With the release of Netflix's trending movie 'Squid Game', the number of Korean language learners increased
New users signing up for Korean language lessons on Duolingo in the UK increased by 76% and in the US by 40% in the two weeks after "Squid Game" premiered on Netflix.

Interest in learning Korean has skyrocketed since Netflix released the hit movie "Squid Game". This shows the growing global influence of Korean culture, from entertainment to beauty products.

Language learning app Duolingo says the series consists of nine episodes, in which people with a lack of money play childhood games. If they lose, they must die and if they win, they will win a prize of 45.6 billion won ($38.19 million). The film has motivated both beginners and those who are learning Korean to improve their language-related skills.

Just last week, the Oxford English Dictionary (OED) added 26 new words of Korean origin to its latest edition, such as the word "hallyu" (Korean wave) - a widely used term. widely used to describe the global success of Korean music, movies, television, fashion, and food.

President Moon Jae-in welcomed the addition, calling "Hangeul", the Korean alphabet, the country's "soft power".

People from abroad participate in a Korean speaking contest organized by the Sejong Institute Foundation in Seoul, South Korea, on October 8. Photo: Reuters/ Dogyun Kim

Duolingo spokesman Sam Dalsimer said language and culture are intrinsically linked, and what goes on in popular culture and the media often influences trends in language learning.

"The growing global popularity of Korean music, movies and television is increasing the need to learn Korean," he said.

According to the Korea Foundation for International Cultural Exchange (KOFICE), there are about 77 million Korean speakers worldwide. Pittsburgh-based Duolingo (Pennsylvania, USA) says it has more than 7.9 million active users learning Korean, the second fastest growing language after Hindi.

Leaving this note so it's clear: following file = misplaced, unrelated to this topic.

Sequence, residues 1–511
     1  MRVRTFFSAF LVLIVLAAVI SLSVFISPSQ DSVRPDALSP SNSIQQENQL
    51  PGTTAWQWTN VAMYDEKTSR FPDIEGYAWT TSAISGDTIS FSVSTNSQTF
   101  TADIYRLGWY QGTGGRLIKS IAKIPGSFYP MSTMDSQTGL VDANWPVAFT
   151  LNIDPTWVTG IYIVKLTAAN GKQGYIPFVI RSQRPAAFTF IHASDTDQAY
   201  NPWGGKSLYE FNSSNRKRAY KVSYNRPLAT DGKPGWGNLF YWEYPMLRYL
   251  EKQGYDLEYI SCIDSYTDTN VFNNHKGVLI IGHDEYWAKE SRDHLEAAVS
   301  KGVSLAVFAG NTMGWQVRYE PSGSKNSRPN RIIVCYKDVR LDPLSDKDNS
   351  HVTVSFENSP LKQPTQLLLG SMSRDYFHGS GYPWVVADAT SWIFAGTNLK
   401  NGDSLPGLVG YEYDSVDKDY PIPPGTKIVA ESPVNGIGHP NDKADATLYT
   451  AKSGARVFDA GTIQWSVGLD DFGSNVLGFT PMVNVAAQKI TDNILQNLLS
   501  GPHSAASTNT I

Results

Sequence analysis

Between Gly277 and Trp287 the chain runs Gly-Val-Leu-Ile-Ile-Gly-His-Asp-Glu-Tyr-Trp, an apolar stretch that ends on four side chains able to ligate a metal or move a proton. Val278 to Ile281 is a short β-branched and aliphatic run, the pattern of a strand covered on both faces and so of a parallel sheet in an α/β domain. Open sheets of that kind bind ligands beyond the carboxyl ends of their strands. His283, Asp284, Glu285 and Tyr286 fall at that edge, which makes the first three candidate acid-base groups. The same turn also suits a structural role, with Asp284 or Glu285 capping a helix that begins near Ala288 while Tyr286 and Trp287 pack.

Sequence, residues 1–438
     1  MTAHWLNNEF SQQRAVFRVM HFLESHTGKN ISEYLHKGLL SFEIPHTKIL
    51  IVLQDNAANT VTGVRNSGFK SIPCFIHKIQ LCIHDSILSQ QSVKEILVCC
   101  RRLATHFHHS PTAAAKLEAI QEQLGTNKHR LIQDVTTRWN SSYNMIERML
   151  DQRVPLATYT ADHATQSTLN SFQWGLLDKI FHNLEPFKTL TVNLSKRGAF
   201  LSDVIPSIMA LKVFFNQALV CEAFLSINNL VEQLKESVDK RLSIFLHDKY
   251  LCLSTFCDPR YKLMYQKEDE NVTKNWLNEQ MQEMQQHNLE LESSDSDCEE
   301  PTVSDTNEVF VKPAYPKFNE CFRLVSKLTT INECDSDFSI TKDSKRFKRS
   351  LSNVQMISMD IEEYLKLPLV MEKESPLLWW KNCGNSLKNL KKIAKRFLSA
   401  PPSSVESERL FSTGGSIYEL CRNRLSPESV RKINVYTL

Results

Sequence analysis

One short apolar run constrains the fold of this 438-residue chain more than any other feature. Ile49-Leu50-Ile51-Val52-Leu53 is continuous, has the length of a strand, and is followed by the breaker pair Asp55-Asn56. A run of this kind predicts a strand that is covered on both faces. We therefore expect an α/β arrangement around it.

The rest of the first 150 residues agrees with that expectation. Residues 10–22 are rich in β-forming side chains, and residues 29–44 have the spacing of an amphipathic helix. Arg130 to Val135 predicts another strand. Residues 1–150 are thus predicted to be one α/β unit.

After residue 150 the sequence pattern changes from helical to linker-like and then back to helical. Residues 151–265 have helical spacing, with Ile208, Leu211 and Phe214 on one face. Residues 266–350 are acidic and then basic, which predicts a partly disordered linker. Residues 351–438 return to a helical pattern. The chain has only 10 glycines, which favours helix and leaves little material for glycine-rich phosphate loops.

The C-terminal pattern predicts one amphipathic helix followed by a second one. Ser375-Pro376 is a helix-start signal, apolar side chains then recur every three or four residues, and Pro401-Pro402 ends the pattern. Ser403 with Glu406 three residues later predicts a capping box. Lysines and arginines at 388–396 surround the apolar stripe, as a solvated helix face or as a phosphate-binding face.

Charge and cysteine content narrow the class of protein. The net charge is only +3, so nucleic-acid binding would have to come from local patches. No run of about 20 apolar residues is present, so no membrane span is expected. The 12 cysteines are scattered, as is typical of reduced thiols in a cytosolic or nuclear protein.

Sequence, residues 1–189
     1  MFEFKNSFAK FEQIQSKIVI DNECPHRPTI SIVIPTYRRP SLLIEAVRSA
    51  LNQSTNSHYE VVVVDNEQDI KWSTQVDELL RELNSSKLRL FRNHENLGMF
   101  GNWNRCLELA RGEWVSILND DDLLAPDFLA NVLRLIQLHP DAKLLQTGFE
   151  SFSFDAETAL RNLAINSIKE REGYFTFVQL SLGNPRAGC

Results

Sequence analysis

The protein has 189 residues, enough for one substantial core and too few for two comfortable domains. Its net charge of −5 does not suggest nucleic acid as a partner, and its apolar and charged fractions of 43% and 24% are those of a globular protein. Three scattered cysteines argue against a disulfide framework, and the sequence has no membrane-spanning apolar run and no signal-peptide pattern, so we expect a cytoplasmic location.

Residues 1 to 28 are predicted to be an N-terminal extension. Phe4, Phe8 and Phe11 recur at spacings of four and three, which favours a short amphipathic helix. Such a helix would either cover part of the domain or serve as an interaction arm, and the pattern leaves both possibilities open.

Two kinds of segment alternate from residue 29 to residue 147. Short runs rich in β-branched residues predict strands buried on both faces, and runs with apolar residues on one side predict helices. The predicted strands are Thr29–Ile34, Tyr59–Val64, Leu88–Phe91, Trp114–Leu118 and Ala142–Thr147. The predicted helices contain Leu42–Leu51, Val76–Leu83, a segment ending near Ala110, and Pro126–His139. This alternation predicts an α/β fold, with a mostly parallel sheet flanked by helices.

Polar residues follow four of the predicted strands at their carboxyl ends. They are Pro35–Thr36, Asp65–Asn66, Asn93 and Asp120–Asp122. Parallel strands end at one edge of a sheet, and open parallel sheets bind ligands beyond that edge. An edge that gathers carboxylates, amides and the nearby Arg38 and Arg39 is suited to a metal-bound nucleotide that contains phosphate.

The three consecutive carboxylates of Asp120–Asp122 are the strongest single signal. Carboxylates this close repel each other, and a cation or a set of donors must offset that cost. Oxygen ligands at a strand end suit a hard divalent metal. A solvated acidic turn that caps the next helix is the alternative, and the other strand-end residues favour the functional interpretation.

The King Sejong Institute, run by the Korean Ministry of Culture, had about 76,000 practitioners in 82 countries last year, up from 740 practitioners in three countries in 2007.

Milica Martinovic, a student at the King Sejong Institute in Russia, said she wants to be fluent in the Korean language so that she can watch K-dramas without subtitles and listen to K-pop without translation.

Catarina Costa, 24, from Portugal, who lives in Toronto (Canada), has noticed that the language has become more popular since she started learning it two years ago, when most of her friends did not. understand why.

"People get hooked when I say I'm learning Korean," said Costa, who is learning through the online learning platform Talk To Me In Korean. The platform, which has 1.2 million members in 190 countries, includes new words that appear in the Oxford dictionary, such as "kimbap" (rice wrapped in seaweed), "mukbang" (medium form) while eating) and "manhwa" (a genre of Korean cartoons and comics).

Sun Hyun-woo, founder of Talk To Me In Korean, said there were thousands of people who wanted to learn Korean even before the Squid Game or BTS craze, but they often taught themselves. "They're part of a 'global phenomenon' now. Learning Korean has become a much more enjoyable pastime," he said.
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